For the sake of appearance, I had traveled to the Wachter lands by coach, resting in the safety of its dark interior by day, and cantering along on one of the horses by night. It was a great black conveyance, bearing my coat of arms on the doors. These alone were enough to inspire either instant fawning service from the locals or their disappearance altogether whenever I passed through a village.

Lovina offered me hospitality readily enough, but I turned it down in favor of an immediate start on the last portion of my journey. The fact that it was well after sunset was of concern to her, and I had to give assurances that darkness was a decided advantage to me on this errand. She took this to mean that I had some subtle scheme in mind and was not planning to boldly present myself to the abbot of the monastery, which was essentially correct. In fact, avoiding contact with all members of that order was a most desirable course for me to follow.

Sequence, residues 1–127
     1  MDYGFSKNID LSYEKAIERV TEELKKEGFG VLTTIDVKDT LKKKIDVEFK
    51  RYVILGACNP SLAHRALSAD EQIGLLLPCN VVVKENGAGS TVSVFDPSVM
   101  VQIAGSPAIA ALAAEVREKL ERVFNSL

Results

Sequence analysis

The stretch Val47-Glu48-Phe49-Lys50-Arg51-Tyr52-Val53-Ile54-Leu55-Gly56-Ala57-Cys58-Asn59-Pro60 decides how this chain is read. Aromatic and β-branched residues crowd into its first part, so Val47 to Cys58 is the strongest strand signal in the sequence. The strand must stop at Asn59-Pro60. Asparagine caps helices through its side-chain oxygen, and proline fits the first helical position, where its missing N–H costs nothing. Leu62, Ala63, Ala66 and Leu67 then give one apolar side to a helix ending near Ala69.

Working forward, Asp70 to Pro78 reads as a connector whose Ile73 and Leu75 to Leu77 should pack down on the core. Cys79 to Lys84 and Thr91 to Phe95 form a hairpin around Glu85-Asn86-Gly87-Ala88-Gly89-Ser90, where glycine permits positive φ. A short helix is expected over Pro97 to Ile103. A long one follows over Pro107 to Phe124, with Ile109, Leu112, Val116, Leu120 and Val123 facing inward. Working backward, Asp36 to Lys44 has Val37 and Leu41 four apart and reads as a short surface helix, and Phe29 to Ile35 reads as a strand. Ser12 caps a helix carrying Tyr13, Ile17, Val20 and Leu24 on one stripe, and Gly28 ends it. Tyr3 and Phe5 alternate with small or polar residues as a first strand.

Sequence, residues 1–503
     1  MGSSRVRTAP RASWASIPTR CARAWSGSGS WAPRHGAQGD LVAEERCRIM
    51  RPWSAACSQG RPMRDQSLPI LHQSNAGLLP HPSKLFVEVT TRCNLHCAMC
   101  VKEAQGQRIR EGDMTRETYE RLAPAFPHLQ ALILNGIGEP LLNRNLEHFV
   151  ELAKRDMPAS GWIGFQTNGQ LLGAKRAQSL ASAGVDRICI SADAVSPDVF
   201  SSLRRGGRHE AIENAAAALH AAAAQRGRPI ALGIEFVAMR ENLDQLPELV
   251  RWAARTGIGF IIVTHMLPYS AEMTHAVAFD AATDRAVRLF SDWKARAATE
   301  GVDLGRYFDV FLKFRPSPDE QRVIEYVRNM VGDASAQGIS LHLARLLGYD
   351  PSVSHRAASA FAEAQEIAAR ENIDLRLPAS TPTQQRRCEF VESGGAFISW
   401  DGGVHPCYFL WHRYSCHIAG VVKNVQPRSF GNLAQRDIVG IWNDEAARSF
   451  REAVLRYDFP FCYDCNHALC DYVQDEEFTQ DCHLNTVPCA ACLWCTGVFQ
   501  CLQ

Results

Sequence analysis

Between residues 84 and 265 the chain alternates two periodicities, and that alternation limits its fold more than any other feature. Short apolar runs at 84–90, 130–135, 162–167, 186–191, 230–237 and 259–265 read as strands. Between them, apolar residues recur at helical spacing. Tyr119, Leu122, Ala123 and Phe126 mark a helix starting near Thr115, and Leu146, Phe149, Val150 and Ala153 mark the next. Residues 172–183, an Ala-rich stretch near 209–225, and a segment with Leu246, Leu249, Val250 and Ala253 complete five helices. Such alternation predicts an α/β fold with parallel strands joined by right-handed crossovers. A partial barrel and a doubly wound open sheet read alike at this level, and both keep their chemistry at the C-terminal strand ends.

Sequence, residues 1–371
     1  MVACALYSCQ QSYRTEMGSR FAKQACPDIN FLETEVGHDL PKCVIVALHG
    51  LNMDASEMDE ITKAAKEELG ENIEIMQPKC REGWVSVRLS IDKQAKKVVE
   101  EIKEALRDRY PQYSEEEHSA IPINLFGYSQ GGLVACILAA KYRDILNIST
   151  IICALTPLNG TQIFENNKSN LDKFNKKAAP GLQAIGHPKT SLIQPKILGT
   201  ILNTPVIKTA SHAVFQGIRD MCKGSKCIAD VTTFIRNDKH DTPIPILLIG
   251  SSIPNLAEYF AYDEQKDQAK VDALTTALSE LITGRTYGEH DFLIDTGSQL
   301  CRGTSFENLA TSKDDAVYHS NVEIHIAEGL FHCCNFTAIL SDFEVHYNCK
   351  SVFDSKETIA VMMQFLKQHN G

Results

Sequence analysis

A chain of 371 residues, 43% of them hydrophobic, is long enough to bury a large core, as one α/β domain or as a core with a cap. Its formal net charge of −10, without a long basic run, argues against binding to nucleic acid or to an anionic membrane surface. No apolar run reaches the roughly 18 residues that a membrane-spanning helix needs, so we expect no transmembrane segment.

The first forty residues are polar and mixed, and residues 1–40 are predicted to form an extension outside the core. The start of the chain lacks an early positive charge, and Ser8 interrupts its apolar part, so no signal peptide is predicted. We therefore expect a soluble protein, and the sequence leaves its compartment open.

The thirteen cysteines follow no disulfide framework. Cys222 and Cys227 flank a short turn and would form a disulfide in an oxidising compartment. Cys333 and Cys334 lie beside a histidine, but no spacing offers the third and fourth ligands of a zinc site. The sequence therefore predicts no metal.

My horses were still fresh, having rested during the day and not been driven far that night, so I instructed her grooms to hitch them up to the coach again, including a saddle for one of them. It was my habit to ride with the horses rather than to drive them, the seating being considerably more comfortable. The men wondered how I managed to brake the coach, but my story that I never went fast enough to justify its use seemed to satisfy as well as amuse them. As it happened, I could control the vehicle's workings as easily as the gates to my castle, and by the same magical means, but they had no need of such knowledge.

I oversaw their work, still impatient, but only became really irked when several barking and baying hounds objected to my presence. It was a relief to mount up and be off.